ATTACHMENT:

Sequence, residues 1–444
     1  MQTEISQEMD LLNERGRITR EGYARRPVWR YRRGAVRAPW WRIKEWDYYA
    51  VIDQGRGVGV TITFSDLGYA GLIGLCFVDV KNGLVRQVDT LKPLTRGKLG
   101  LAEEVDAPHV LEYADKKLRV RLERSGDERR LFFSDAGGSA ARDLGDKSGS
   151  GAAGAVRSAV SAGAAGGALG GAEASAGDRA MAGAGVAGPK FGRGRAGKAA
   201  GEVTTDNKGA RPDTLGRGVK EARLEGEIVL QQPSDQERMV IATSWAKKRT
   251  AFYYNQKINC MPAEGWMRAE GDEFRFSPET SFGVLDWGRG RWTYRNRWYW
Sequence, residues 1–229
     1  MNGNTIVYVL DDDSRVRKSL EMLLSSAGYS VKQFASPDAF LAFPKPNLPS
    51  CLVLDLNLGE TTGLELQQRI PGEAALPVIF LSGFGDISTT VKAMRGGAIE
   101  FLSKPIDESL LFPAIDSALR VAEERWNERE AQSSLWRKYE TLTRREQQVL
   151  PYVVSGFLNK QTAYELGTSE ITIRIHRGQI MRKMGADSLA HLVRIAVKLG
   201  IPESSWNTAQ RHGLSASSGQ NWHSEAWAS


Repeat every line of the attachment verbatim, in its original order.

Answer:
Sequence, residues 1–444
     1  MQTEISQEMD LLNERGRITR EGYARRPVWR YRRGAVRAPW WRIKEWDYYA
    51  VIDQGRGVGV TITFSDLGYA GLIGLCFVDV KNGLVRQVDT LKPLTRGKLG
   101  LAEEVDAPHV LEYADKKLRV RLERSGDERR LFFSDAGGSA ARDLGDKSGS
   151  GAAGAVRSAV SAGAAGGALG GAEASAGDRA MAGAGVAGPK FGRGRAGKAA
   201  GEVTTDNKGA RPDTLGRGVK EARLEGEIVL QQPSDQERMV IATSWAKKRT
   251  AFYYNQKINC MPAEGWMRAE GDEFRFSPET SFGVLDWGRG RWTYRNRWYW
Sequence, residues 1–229
     1  MNGNTIVYVL DDDSRVRKSL EMLLSSAGYS VKQFASPDAF LAFPKPNLPS
    51  CLVLDLNLGE TTGLELQQRI PGEAALPVIF LSGFGDISTT VKAMRGGAIE
   101  FLSKPIDESL LFPAIDSALR VAEERWNERE AQSSLWRKYE TLTRREQQVL
   151  PYVVSGFLNK QTAYELGTSE ITIRIHRGQI MRKMGADSLA HLVRIAVKLG
   201  IPESSWNTAQ RHGLSASSGQ NWHSEAWAS